COVID-19 pandemic shows the need to strengthen digital safety nets for women
The COVID-19 pandemic threatens to wipe out hard-won gains in global development and gender equality. The World Bank reports that the world faces its first increase in extreme poverty since 1998, with between 71 million and 100 million people set to fall into destitution depending on the pandemic’s course, and the crisis affecting women more negatively than men.
Governments are scrambling to contain the economic damage. As of June 12, World Bank data indicates that 195 countries have planned, introduced or adapted more than a thousand safety net payments and other social protection measures for the most vulnerable populations.
There’s a strong case to be made that these payments should be offered digitally. Compared to cash, digital safety net transfers can cut costs and avoid leakage. And digital transfers can help beneficiaries—especially women—strengthen their household decisionmaking power and bolster their labor force participation.
But rapid digitization could create challenges for traditionally marginalized groups like women unless products are well-designed and a robust digital infrastructure is in place. A new report, “Advancing Women’s Digital Financial Inclusion,” prepared for the G-20 Global Partnership for Financial Inclusion by the World Bank, the Better Than Cash Alliance, and Women’s World Banking, examines how government payments can be structured in a way that serves women. The full report highlights 10 policy options to advance women’s digital financial inclusion—including ways governments can make transfer payments safer for women.
Strengthening consumer protections is a key starting point.
Digital government payments offer greater efficiency—but they might expose women to financial services they are unprepared to use. Financial consumer protections reduce the risks from digital finance by making it easier to identify whether a given product or service is fit for its intended use, appropriate for the particular consumer’s needs, fairly priced, and secure, as well as to compare options, seek redress, and ensure women’s financial privacy and safety. Consumer safeguards are also important for building public trust in the financial system.
Clear and easy-to-understand product terms may be especially important for low-income women, given their relatively limited financial experience and capability. A mystery shopper audit of 1,000 microfinance firms in Uganda found that information on cost was inconsistent, inexperienced borrowers received less information than experienced borrowers, and printed materials with product specifications were often missing or in violation of guidelines.
Governments should support comprehensive consumer protections, including requirements to disclose product prices and terms in clear language. Lab experiments in Mexico and Peru found that presenting participants with simplified statements of key facts about credit and savings products was strongly correlated with good financial behavior. By contrast, financial literacy had a much weaker impact on good financial behavior.
Clear and easy-to-understand product terms may be especially important for low-income women, given their relatively limited financial experience and capability. It is especially important to ensure that women have control over any money borrowed in their own name. Effective consumer protection and enforcement on disclosure/transparency of product pricing can also address the risk of fraud.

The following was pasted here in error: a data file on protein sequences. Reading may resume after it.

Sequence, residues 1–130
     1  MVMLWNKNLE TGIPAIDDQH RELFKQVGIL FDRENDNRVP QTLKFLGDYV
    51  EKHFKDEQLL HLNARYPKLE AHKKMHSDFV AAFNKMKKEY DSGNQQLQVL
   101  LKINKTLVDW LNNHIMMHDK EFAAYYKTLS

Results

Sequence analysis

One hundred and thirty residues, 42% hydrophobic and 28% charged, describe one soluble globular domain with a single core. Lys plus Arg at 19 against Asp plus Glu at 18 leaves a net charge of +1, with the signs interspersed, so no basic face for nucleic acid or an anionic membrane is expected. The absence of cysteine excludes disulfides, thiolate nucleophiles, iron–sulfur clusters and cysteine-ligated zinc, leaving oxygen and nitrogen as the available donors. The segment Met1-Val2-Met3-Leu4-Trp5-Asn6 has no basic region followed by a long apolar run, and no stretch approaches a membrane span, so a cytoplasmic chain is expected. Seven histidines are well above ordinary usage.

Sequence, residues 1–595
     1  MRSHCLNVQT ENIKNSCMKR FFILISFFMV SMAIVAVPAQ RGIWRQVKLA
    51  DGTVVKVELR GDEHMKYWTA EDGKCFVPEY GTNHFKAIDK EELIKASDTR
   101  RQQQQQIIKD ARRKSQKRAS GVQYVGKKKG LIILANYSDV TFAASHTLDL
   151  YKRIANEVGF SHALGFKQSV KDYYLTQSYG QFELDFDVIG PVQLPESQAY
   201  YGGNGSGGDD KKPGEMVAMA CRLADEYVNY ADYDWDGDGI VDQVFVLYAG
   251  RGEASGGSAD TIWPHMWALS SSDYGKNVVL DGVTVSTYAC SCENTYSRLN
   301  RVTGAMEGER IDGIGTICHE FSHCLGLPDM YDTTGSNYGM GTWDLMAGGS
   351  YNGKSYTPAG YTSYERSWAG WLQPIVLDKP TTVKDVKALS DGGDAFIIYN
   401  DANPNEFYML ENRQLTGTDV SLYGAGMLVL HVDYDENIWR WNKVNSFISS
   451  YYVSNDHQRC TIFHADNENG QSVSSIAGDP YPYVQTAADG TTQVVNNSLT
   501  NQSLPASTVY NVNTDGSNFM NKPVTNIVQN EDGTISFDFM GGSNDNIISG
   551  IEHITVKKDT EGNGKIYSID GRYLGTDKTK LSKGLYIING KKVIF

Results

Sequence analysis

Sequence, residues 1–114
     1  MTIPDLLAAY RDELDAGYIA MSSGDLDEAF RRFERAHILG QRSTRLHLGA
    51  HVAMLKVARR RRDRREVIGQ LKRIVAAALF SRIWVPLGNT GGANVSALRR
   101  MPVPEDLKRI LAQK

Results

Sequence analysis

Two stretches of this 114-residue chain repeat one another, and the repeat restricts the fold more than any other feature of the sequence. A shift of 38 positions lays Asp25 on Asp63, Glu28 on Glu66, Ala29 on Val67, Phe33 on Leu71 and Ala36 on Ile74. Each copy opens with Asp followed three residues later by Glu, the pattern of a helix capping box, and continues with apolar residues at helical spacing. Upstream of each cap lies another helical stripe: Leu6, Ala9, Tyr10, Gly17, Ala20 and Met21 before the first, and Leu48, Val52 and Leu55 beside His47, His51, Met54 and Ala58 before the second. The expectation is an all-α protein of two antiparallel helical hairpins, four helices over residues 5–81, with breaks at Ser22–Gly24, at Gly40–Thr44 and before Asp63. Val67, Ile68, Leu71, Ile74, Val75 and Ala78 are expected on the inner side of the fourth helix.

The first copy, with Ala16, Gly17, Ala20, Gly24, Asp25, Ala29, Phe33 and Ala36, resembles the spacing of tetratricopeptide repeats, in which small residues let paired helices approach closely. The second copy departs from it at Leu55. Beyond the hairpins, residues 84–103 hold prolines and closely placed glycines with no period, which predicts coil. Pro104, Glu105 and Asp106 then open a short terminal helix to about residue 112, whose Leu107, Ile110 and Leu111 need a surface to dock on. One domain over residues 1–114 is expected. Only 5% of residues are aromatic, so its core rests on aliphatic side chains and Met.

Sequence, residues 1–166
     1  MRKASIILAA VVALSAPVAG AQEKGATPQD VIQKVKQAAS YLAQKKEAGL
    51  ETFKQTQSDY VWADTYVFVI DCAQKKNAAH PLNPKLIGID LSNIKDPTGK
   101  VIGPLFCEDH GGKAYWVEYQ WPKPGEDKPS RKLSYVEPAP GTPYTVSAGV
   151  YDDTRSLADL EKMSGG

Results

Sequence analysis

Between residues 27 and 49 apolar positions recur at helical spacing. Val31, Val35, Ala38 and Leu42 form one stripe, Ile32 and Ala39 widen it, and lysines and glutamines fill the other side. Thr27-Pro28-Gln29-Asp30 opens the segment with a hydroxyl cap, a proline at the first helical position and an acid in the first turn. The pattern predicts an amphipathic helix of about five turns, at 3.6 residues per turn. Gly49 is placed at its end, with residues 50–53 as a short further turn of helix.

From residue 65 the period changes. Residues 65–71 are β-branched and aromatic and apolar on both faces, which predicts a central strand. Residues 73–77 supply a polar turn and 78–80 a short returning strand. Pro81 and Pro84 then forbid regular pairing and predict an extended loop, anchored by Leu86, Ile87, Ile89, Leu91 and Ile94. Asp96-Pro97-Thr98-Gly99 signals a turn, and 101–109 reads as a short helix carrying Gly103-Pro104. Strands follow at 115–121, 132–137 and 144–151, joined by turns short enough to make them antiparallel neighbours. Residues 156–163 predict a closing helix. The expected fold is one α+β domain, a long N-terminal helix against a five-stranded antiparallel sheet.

These findings call into question the emphasis by some consumer protection agencies in emerging markets on expensive financial education programs for women, and make the case for shifting resources toward developing and enforcing effective disclosure and pricing transparency regimes instead.
Governments should develop strategies to promote digital skills and financial capability for women.
The evidence for traditional classroom-based financial education is underwhelming. Interventions to enhance financial capability should leverage teachable moments, such as when women are receiving government payments or acquiring financial products and services.
Technology—like text messages—can provide information cheaply and improve financial behavior. For example, U.S. consumers participating in debt management programs were more likely to meet their monthly payments when they received low-frequency, task-oriented text messages prompting them to take action.
Governments could subsidize entertainment that links emotions and information. In Colombia, rural recipients of conditional cash transfers, who were mostly women, were loaned tablets loaded with entertaining content to boost their financial capability; positive outcomes in financial health were still observable two years later.
Evidence suggests that financial training is more fruitful when provided during moments when women have a specific reason for learning financial skills. For example, researchers who provided financial training to migrants and their families found that the training had positive impacts on financial knowledge and behavior such as savings.
Using defaults can improve financial behavior as well. In India, when researchers gave people identical weekly payments in cash or into a savings account, the group with accounts dramatically increased savings through a default effect. Evidence also suggests that default effects can improve retirement savings.
By enacting consumer protections and investing in appropriate financial education, governments can help bring relief to women suffering from the coronavirus recession—and create the basis for higher financial inclusion for women in the future.
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